Cynthia Moreno - Vida en el Valle
William Jessup Wants School to Mirror Area
ROCKLIN -- Aurora Alarcón, a México City native and sophomore at William Jessup University, is the kind of student the small, private Christian university wants.
"There aren't too many of us (Latinos) here yet, but the population is slowing growing," said Alarcón, 20.
Alarcón decided to attend William Jessup over UC Davis after receiving a $5,000 scholarship from the Sacramento Hispanic Chamber of Commerce two years ago.
"For me, it came down to the scholarship money," said Alarcón, who will graduate in two years with a psychology degree. "It helps out tremendously. Because of the financial aid I have been able to receive, I will graduate with hardly any debt."
William Jessup will need a lot more Latino students like Alarcón if it wants to become a Hispanic-serving institution in the next few years. Latinos currently represent 10 percent of the university's 936 students (graduate and undergraduate). University officials hope to increase that to 25 percent.
"Latinos are the emerging culture of America and we want our existing Latino student population on our campus to continue growing. We have always welcomed diversity and we would like to be considered as a university of choice for Latino students who are choosing a place to pursue higher education," said Eric Hogue, the university's vice president of advancement.
The university has partnered with The National Hispanic Christian Leadership Conference (the country's largest Christian Hispanic group) to outreach to Latino students.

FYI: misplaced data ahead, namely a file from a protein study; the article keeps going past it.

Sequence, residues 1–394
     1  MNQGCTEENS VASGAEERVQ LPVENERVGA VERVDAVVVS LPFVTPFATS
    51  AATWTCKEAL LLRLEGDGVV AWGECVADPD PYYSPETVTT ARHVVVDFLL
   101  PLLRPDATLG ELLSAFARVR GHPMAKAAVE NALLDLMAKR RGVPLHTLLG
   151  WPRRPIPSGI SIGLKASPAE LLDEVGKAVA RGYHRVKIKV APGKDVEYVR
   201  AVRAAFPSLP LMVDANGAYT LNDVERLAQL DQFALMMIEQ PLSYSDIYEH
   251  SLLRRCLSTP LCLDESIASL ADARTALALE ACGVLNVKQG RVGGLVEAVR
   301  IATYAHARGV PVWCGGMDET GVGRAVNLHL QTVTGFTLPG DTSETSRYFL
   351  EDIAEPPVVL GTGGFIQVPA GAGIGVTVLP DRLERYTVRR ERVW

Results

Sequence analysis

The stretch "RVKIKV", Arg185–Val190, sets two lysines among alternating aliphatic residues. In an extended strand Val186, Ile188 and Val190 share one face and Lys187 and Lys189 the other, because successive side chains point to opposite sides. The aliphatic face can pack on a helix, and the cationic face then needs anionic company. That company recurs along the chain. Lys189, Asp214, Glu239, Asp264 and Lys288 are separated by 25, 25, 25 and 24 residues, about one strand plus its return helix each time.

"We are expecting William Jessup to become a Hispanic serving institution in the next few years. We are not naïve to the fact that 50 percent of Latino students are not graduating from high school and many face financial obstacles and forego college," said the Rev. Sam Rodríguez, conference president. "My dream is that every Latino student pursue higher education and to consider William Jessup in that process."
Hogue believes William Jessup is an affordable alternative to rising fees at UCs and CSUs.
"We consider the size of our university as an added benefit. Compared to a public university education, here at William Jessup, classes are small and intimate, our faculty is able to build strong relationships with their students and really get to know and engage with them in their intellectual pursuits. Not to mention, the majority of our students graduate in just four years," said Hogue.
Money, said university officials, should not be a problem at William Jessup where tuition is approximately $21,900 a year. Nearly 98 percent of its students receive some type of financial aid, and 86 percent receive private scholarships and grants.
Last year, the university gave $5 million in scholarships. William Jessup offers one student a $5,000 scholarship each year for four years through the Hispanic Chamber. The conference offers another $5,000 scholarship.
"I want every Latino student to have the resources to be able to go to college. Finances should not be a deterrent. There is help available and there are resources at this university to help them pay for college," said Rodríguez.
Alarcón will graduate with hardly any debt.
"This university tries to help you if money is an issue, and they ensure it does not become an issue," said Alarcón.
William Jessup also delivers when it comes to jobs upon graduation, said Hogue.
"We want them to be spiritually challenged and be exceptionally employable once they graduate. Last year, 61 per cent of our graduates who walked across the stage had a job at commencement. The growth and maturation here is tremendous," said Hogue.
The university offers degrees in business administration, children's ministry, English, history and liberal studies. It also offers a school of Professional Studies at its campuses in Rocklin and San José, including a teacher credential program.
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